Laura Benanti
(© Joseph Marzullo/WENN)
Laura Benanti
(© Joseph Marzullo/WENN)
Having spent the better part of a year playing one of the most demanding roles in musical theater -- Louise/Gypsy in Gypsy -- and winning practically every award (including the Tony) for her portrayal, Laura Benanti was prepared for a bit of a break from acting. But then a funny thing happened: She read Christopher Durang's new play Why Torture Is Wrong, And the People Who Love Them , now in previews at the Public Theater, and decided she had to pursue the lead role of Felicity, a woman doubting the sanity of her recently wed husband (played by Amir Arison) and her parents (played by Kristine Nielsen and Richard Poe).

"It takes a lot for me to laugh out loud," says Benanti. "But when I was reading this script on the train, I laughed so hard the people near me thought I was crazy. And then when I read it again, I also realized that like Felicity, I've always felt a little like a fish out of water. All my friends say I'm so 'regular' for an actor, and I think that's part of what I connected to in this play. Then I had my husband, Steven Pasquale, read it, and he said 'you are Felicity -- you have to do this.'"

So Benanti agreed to audition for Durang and director Nicholas Martin. "I believe wholly in auditioning," she says. "For one thing, you're auditioning them as much as they're auditioning you, and that's the only way to make sure everything is right for everyone. Plus, you go into the rehearsal room knowing they liked you best, and that helps me feel like I'm on equal footing with the director. Plus, I've always wanted to work with Nicky, and it's more than lived up to my expectations. He's so loving and full of life and energy."

During rehearsals -- which Benanti admits is not her favorite part of the theatrical process -- she's learned even more about her character. "I think Felicity is the kind of grown-up I've become, which is something I haven't been able to show on stage before. For example, I'm far more sarcastic and funny than people would realize; during Gypsy, Patti [LuPone] used to ask me why I didn't do stand-up," she says. "But what's also really interesting is that in the musicals I've done, my characters always take these huge journeys, and as Nicky has pointed out, Felicity doesn't really change. So in a way, it means I don't have to do as much as I'm used to; but what's harder is that I also have to keep the forward momentum of the play going for everyone else, while they get all the wacky lines."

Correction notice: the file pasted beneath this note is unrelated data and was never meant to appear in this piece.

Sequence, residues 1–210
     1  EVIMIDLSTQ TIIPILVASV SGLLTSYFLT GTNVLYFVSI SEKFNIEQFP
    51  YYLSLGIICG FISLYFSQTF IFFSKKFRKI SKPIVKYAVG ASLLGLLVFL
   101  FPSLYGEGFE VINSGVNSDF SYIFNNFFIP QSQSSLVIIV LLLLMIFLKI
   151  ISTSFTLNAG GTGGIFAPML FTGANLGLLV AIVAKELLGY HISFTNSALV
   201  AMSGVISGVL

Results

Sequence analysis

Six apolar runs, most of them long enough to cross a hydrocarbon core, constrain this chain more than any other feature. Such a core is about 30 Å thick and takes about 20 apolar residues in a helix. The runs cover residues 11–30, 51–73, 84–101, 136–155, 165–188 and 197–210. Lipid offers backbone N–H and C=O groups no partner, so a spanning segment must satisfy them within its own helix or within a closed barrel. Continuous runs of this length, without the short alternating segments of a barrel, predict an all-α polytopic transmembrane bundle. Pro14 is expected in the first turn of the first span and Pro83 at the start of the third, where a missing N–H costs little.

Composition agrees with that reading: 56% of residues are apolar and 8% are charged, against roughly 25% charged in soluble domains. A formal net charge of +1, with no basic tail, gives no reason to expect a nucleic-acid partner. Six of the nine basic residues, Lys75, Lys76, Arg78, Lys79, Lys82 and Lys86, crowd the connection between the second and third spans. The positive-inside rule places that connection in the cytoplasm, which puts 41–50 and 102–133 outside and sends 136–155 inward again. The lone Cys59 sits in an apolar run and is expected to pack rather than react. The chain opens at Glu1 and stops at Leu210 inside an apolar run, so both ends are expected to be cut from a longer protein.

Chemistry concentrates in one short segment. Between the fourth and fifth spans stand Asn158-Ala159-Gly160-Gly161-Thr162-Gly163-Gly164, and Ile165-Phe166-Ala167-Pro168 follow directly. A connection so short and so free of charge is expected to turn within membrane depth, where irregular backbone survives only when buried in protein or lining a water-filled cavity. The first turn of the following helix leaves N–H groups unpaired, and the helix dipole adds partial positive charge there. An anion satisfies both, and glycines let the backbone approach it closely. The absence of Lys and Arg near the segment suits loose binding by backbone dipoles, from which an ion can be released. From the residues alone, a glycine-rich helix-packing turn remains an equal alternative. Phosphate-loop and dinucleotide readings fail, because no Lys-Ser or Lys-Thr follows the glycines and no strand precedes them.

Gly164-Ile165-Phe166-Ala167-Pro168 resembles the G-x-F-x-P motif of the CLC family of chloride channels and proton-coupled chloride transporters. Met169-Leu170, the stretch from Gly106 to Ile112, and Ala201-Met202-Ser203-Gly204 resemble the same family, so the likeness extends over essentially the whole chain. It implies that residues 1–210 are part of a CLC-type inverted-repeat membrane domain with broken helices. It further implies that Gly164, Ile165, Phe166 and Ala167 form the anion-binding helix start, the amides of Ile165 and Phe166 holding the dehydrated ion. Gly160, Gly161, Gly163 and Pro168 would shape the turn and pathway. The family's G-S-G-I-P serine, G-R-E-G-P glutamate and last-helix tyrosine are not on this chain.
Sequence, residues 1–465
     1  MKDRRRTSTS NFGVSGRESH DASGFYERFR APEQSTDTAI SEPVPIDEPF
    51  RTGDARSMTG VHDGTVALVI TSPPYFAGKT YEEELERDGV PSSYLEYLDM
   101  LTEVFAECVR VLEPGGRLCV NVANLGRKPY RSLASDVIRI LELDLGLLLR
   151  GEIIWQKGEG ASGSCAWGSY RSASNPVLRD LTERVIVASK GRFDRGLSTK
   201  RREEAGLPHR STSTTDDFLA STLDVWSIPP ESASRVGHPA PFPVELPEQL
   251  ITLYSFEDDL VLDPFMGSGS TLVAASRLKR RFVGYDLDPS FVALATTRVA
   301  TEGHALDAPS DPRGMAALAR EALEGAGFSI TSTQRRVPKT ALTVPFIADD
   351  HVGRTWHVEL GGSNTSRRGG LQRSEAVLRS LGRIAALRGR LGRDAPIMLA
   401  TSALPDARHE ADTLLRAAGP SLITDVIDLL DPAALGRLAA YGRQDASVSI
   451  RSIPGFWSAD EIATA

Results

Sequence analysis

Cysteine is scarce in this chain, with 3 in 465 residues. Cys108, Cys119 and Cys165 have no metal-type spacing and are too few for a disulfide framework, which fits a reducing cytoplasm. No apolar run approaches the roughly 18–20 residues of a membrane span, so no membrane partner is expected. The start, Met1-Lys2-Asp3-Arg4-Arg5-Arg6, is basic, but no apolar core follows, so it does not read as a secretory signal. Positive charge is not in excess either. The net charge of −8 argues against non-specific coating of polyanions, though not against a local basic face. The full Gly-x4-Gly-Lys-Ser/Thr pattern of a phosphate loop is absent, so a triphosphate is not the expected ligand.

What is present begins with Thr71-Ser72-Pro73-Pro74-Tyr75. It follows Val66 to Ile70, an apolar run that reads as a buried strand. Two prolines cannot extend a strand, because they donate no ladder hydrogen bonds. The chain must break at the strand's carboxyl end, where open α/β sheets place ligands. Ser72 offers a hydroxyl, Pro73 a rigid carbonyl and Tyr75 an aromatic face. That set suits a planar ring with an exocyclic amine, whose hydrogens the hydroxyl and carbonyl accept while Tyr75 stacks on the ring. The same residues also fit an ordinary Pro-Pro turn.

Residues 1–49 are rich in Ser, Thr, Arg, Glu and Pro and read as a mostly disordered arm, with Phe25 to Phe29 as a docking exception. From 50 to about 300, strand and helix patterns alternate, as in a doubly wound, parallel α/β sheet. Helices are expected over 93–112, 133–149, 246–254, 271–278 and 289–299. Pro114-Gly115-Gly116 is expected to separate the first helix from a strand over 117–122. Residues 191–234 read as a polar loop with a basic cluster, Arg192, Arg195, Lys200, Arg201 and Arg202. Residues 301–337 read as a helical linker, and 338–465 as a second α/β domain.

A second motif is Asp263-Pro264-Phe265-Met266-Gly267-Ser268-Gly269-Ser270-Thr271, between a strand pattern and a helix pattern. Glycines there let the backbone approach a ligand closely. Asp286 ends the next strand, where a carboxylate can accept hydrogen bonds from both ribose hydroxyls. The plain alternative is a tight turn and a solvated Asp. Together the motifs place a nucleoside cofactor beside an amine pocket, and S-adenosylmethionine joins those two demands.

The play marks Benanti's first-time working Off-Broadway, just as her husband is making his Broadway debut in Neil LaBute's reasons to be pretty. "Off-Broadway does feel very different. It's much more communal, with all the women sharing a dressing room. I've always had my own dressing room on Broadway, and now I want to smack myself for some of the things I complained about when I was 21," she says. "And this is the first time Steven's had his own dressing room; he's been asking me all these questions about how to decorate it. I am so glad he's finally getting to fulfill that dream."

In reasons, Pasquale plays Kent, a rather crude and thuggish factory worker, a part in which he's cast decidedly against type, says Benanti. "I went to the invited dress rehearsal, and five minutes into it, I forgot he was my husband, and I was able to hate him along with the rest of the audience," she says. "Luckily, he's not the type of actor who brings his character home -- not that I would allow that in this case."

Benanti is finally planning to take some time off during the summer -- although she does want to devote some of her free time to creating a nightclub act -- and has a possible project lined up for fall, which she can't talk about. But for now, she's 100 percent focused on bringing Felicity to life. "I hope people come see the play with an open mind about me. I know it's such a different character than the ones I've played, and I do feel a little extra pressure. I'm basically a people-pleaser and I always worry about letting other people down," she says. "But ultimately, my main objective is to serve the play and give Chris the character he's envisioned."